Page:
There's never been a better time to get an FHA home loan.
These high-benefit loans are making a comeback during the lingering recession. Thousands of prospective homeowners are turning to FHA loans to achieve their dream of home ownership.
In fact, the FHA set a monthly record in June, guaranteeing almost 186,000 mortgages. The agency has insured more than 34 million properties since its inception in 1934.
"A primary reason government-insured loans have retained a high share of the purchase market is that these loans typically require lower down payments than conventional loans," Orawin Velz, associate vice president of economic forecasting for the Mortgage Bankers Association, said in a news release. "In addition, lending standards tend to be tighter for conventional loans, especially for loans that require private mortgage insurance."
FHA loans continue to resonate with low- to middle-income buyers and first-time buyers, although there are no income restrictions to obtain these government-backed loans. Scores of first-time homebuyers are utilizing the new $8,000 first-time homebuyer's tax credit in conjunction with FHA loans to maximize their financial flexibility.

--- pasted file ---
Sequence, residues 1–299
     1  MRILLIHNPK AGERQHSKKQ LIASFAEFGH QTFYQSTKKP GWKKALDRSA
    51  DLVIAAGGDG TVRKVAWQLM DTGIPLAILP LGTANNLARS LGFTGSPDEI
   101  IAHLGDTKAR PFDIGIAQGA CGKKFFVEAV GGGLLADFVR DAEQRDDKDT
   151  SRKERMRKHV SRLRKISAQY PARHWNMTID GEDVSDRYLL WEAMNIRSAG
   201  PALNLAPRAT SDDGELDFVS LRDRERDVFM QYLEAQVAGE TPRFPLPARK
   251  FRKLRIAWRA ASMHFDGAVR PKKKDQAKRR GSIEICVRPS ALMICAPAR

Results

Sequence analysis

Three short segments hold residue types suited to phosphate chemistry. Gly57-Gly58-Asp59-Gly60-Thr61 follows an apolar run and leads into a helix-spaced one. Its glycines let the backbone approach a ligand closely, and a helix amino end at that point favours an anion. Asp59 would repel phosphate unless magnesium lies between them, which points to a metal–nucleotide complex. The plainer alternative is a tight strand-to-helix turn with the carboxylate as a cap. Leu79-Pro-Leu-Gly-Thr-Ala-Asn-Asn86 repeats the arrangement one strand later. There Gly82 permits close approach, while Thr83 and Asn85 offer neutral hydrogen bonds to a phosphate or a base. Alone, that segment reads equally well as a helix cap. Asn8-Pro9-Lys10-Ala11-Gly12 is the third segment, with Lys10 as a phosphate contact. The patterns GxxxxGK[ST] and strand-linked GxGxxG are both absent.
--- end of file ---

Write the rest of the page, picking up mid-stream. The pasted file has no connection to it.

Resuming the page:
But FHA loans offer an array of benefits to prospective buyers across the spectrum. These loans continue to make sound financial sense in the face of a hardened credit market and a slumping national economy. Some of the many benefits of FHA loans include:
- No credit score requirements. Buyers can obtain FHA loans without sterling credit. Some who cannot obtain a conventional loan will qualify for an FHA loan. Even people who have experienced bankruptcy or foreclosure can obtain FHA loans.
- Low out-of-pocket costs. FHA loans require only a 3.5 percent down payment. There are even special loans that when combined with an FHA loan eliminate the need for down payment. Closing costs are also typically lower for FHA loans. First-time buyers can utilize the $8,000 tax credit to cover down payment or closing costs, too.
- Home types. Prospective homeowners can purchase single-family homes, up to four unit buildings as long as they live in one of them, and condominiums. Buyers can also use special FHA loans to purchase and rehabilitate fixer-upper properties.
- Loan Amount. The FHA has loan limits depending on where the home is located. Currently, the loan limits range from $271,050 to a maximum of $729,750 in high-cost areas such as California, New York and New Jersey. Buyers who can purchase a home without exceeding an FHA loan limit receive the most benefit.
- Premiums and rates. Borrowers are on the hook for an upfront insurance premium, but this cost can be financed into the loan directly. Interest rates for FHA loans experience small adjustments, if any. Rates typically vary within .125 percent of a conventional loan.